A mountain road. There is a lot of praise for the Bergstrasse Social Welfare Office and New Ways Job Center for handling huge tasks such as housing Ukrainian refugees and obtaining livelihood services from volunteer ranks at Bergstrasse Refugee Aid. The district and Caritas invited the exchange and networking meeting. On the other hand, harsh criticism was expressed at the Klostergarten in Bensheim about the legally binding requirements.
Despite the general approval of the responsible department head, Deputy District Carsten Krug, who left office at his request on July 31 and thanked all volunteer refugee aides for their commitment (“it was very important to me to share ideas with you”), a Heppenheim volunteer said he stood Also in front of an accusation in the chamber that the district “negotiated poorly” on one thing: “We will sue.” A representative of Lorsch agreed, saying, “We are participating.”
Anger and indignation are directed against the rent increases (“without discussion”) for refugees decided upon by the Judicial Council. According to the change in the fee law, they are required to pay €420 per person in needy communities instead of the previous €328 per month as of July 1 this year. A participant in the quarterly meeting described the decision as a “fatal political and humanitarian mistake.”
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Section Chief Krug admitted that “in individual cases this can lead to an unfair situation”. However, it is the province’s duty to increase the fee: “We don’t make a profit.” As two of the many reasons for the unpopular decision, its name increased energy costs and increased rent at Christopherus Residences.
In a detailed report, the head of the department went to the current situation. Accordingly, 2,250 Ukrainian refugees are currently registered in the region. “We are seeing a slight drop, partly due to the withdrawal to Ukraine,” says Krug, who spoke of a Germany-wide trend. Between 40 and 50 war refugees are assigned to the area each week. For economic and material reasons, they want to “close” the tent village in Bensheim and house people at Luisen Hospital in Lindenfels by the end of the month.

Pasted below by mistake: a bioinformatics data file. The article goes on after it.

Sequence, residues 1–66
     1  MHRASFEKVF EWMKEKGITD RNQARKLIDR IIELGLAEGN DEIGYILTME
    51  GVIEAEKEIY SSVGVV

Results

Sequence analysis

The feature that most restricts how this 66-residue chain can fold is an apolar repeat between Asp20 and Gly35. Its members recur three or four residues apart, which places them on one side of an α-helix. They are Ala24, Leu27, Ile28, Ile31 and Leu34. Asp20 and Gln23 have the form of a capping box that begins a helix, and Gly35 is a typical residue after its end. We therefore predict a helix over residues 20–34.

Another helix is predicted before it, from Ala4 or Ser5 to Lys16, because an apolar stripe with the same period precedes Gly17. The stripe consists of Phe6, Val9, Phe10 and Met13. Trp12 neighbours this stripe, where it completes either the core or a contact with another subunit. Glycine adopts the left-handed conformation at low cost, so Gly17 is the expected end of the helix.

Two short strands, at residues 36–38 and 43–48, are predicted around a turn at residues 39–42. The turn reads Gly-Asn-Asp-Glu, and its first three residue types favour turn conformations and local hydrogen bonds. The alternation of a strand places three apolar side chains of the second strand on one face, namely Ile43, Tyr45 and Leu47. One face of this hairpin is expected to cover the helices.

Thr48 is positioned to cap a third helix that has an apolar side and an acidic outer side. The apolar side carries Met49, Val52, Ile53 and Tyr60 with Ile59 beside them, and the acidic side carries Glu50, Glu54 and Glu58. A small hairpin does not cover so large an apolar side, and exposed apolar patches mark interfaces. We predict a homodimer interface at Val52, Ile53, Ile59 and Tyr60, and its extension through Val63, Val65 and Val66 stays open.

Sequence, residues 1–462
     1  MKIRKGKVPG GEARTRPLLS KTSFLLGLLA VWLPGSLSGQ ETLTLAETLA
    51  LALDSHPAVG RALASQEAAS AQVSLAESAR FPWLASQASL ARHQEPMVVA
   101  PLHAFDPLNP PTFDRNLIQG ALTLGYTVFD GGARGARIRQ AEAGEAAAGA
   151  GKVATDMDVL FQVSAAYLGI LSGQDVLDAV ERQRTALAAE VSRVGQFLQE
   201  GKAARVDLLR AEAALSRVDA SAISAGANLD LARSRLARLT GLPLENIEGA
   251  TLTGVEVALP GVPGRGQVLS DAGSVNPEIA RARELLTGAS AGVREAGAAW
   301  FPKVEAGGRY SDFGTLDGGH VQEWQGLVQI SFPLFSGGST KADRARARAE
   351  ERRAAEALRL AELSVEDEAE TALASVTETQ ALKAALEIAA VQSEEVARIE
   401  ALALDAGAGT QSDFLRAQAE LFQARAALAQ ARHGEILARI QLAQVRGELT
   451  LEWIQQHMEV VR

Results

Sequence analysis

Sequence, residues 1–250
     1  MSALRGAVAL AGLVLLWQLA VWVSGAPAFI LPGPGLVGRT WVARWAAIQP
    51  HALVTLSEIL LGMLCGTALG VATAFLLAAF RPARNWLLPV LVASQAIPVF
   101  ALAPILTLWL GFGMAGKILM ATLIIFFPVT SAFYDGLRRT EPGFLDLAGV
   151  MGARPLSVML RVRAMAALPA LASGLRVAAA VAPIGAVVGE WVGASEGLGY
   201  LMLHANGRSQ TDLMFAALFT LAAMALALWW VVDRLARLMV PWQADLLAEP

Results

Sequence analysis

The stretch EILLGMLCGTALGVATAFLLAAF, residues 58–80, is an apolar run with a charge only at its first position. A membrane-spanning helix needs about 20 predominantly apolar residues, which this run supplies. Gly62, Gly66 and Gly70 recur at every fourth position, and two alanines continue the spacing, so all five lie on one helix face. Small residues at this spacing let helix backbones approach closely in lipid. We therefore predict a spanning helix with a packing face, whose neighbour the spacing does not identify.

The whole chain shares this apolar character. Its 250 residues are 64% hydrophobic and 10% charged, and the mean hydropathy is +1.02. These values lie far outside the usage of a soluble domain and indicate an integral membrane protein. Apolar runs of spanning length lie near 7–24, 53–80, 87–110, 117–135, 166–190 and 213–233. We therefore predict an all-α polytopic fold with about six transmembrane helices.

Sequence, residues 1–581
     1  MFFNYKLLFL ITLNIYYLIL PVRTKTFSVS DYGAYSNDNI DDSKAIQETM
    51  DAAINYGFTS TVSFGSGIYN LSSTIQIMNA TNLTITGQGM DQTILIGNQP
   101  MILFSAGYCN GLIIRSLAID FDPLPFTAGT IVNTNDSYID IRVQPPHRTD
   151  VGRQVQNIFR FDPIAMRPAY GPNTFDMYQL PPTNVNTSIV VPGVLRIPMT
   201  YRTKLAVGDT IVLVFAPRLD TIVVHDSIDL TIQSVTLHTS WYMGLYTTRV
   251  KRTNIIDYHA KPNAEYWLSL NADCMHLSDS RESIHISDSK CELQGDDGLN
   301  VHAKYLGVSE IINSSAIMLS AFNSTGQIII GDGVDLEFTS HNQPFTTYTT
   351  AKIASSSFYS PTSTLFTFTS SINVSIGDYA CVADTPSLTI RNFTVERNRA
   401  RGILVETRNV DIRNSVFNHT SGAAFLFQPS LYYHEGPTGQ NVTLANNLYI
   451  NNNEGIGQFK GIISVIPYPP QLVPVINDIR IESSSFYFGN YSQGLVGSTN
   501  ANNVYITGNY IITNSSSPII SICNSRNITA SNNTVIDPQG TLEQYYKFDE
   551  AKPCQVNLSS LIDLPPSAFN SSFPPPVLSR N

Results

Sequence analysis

When asked about sales negotiations between the district and the owner of the Bruchsee Hotel in Heppenheim, which will also be used as accommodation for asylum seekers in the near future, a member of the District Council replied: “We are driving in sight: It will not go as fast as we hoped, but we are already planning a conversion.” . They hope to sign a contract by mid/end of July.
Reorganization is a challenge
Detailed information from Krug and Felix Koch of the Municipal Action Center – and numerous inquiries from the group of participants – has been available on the topic of changing the legal field since June 1, 2022. In plain language, this means that the majority of Ukrainian refugees aged 19-67 do not use their social benefits more according to the Asylum Seekers Benefits Act of the Social Welfare Office, but according to the Second Social Act (SGBII) of the Neue Wege Job Center (rent and living benefits), integration courses, education and participation applications for children, etc.) and at the same time they must To have easier access to the labor market. “There are clear rules from the federal government,” Karsten Krogh said of the national regulation, which was only announced in April. “There are clear rules from the federal government. We can do this together.” Krug spoke of “the voting process.” “.
“Things are going well, but not without noise. “We are doing our best,” commented Felix Koch on the move, which should not leave any gaps. However, according to the law, social benefits can only be granted if the so-called With fictional testimony from the Federal Agency, which regulates the temporary right to residence Integration guides are available to help refugees on Tuesdays and Thursdays from 8 a.m. to 12 p.m. Six-page information in Ukrainian and Russian is available on the district’s website.
Then Alexander Syed of the State Education Authority gave a report on the situation of school-age children from Ukrainian refugees. According to this, about 450 children have been assigned to the Bergstrasse district since February 24. “It’s a recession,” Syed says. From a hundred babies a week in the beginning, there are now only 10 to 20.
In almost all schools in the region, except for a few institutions such as AKG and Lessing-Gymnasium, Ukrainian children can be accepted. They attend intensive classes there. Allocation depends on proximity to the place of residence and occupancy of sites – which does not always work, Syed admitted. Among those seeking protection, Ukrainians were still sought throughout Hesse, who would teach children in their mother tongue every hour. Some have already been mediated. Finally, the integration officer Victoria Ordekhovska gave a lecture.